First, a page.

• ShakerCup: This is a small cup that a person can use to clean their menstrual cup when traveling. It is collapsible and free from bisphenol A. It costs $9.
  • DivaPouch: This pouch stores the DivaCup. It is made from organic purple cotton and comes with black pull ribbons. Its dimensions are 4 inches (in) by 4.38 in. It costs $5.

There are many other manufacturers of menstrual cups. Below, we look at some other brands that a person could consider:

  • Lena Cup: Lena menstrual cups come in various sizes, and the website offers a sizing guide to help people choose. The company stocks menstrual cups for first-time users, experienced cup users, and those with a heavy flow. It costs $25–40.
  • Flex Cup: This cup has a patented pull-tab that allows a person to remove it as they would a tampon. It comes in two sizes. People can also purchase wipes and foaming wash. It costs $34.99.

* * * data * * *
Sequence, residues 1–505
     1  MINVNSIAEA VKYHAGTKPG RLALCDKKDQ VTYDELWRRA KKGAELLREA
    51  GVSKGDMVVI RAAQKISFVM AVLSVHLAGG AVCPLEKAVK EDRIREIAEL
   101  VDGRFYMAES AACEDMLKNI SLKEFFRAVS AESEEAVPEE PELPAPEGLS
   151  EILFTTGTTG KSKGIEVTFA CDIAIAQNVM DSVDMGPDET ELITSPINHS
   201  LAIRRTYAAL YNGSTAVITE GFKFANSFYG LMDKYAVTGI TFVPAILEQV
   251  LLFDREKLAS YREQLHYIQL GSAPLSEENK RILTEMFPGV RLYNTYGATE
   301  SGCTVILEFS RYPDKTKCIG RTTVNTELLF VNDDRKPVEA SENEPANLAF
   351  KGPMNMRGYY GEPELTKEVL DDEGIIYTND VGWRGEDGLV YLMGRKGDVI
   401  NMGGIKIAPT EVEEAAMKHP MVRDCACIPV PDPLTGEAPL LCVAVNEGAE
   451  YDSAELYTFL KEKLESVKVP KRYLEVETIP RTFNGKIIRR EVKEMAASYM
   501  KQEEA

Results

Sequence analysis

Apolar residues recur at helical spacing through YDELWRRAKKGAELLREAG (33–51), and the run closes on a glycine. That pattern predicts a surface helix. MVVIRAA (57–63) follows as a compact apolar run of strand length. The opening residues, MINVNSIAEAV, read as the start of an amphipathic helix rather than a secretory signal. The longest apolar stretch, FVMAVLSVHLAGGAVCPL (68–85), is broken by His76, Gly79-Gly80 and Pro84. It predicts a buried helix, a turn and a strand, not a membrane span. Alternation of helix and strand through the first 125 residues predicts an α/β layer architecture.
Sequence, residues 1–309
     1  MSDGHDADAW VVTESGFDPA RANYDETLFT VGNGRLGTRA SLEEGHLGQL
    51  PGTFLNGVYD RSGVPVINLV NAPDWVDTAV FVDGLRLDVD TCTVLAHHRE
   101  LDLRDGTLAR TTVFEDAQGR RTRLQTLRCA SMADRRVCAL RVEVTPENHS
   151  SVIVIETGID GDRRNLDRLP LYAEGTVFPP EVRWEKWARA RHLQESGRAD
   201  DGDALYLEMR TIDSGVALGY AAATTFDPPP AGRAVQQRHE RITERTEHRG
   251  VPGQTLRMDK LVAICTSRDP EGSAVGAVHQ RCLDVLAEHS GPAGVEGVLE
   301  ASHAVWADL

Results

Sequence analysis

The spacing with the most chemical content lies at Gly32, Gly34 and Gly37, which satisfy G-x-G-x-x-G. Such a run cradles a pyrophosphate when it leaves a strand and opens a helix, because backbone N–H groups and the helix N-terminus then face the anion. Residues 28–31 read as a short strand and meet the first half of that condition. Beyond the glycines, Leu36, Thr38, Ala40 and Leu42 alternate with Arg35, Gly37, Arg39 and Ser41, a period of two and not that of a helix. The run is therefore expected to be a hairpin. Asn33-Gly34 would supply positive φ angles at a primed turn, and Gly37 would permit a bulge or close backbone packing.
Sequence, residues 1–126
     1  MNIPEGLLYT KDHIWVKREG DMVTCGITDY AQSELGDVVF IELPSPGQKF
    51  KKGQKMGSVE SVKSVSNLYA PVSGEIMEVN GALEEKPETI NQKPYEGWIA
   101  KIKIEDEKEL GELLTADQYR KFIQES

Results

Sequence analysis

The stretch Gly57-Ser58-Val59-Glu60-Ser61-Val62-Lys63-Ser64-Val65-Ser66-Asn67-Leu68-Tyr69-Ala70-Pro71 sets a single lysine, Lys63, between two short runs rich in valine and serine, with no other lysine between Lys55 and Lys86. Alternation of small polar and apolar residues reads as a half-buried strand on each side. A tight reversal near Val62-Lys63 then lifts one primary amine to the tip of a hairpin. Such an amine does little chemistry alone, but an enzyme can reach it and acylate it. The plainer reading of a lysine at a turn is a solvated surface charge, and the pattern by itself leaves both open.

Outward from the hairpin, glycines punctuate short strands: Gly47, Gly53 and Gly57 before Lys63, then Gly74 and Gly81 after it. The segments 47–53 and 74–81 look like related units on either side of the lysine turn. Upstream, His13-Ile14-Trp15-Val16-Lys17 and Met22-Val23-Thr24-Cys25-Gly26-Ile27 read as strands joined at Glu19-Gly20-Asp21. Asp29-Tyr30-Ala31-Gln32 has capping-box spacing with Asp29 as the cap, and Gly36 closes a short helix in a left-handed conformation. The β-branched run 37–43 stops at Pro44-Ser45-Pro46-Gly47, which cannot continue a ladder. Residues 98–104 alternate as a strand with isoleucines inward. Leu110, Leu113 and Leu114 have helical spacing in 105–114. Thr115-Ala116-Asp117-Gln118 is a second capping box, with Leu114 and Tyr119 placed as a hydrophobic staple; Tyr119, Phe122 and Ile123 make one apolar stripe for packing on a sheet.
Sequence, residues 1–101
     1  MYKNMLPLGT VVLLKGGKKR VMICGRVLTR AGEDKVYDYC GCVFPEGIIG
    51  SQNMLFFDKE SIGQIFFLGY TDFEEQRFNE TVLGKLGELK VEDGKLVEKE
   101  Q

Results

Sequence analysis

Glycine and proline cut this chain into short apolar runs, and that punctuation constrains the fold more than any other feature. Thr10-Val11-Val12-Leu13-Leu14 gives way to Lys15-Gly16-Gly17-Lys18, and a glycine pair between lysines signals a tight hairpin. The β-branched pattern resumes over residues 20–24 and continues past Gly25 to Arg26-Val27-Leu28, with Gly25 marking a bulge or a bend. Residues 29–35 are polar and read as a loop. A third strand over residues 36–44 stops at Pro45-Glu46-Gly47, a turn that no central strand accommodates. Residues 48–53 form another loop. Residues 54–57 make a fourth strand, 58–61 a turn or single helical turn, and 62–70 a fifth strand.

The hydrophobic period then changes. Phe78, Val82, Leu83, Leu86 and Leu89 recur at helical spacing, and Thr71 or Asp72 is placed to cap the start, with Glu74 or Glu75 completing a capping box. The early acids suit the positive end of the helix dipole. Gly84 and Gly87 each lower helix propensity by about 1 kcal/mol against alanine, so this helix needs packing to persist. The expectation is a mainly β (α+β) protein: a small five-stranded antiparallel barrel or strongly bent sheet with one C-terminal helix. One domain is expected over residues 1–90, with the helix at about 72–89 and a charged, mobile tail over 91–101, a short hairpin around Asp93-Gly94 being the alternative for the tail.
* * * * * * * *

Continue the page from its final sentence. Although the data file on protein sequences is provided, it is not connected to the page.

• Lunette: This menstrual cup has a flat stem for easy cleaning and ridges for secure removal. It also comes with a smooth interior for easy cleaning. In addition, the company offers cup cleaners, cleaning kits, cup wipes, and reusable pads. It costs $39.99.
  • Cora Cup: The Cora Cup is made from soft silicone, so individuals can fold it and insert it like a tampon. Its base has a slip-free grip for clean and easy removal. The company also offers alternative products, including period underwear, bladder liners, and cup cleanser. The cups cost $39–59.

The table below compares each DivaCup and the company’s main competitors.

Price Features MaterialsAdditional products
Diva Cup 0$35for 18 years and under

holds 4 tampons of flow
100% medical grade siliconeDivaWash
DivaWash Travel
Retro DivaPouch
Diva Cup 1$35for 19–30 years

holds equivalent to five tampons of flow
100% medical grade siliconeDivaWash
DivaWash Travel
Retro DivaPouch
Diva Cup 2$35for 30 years+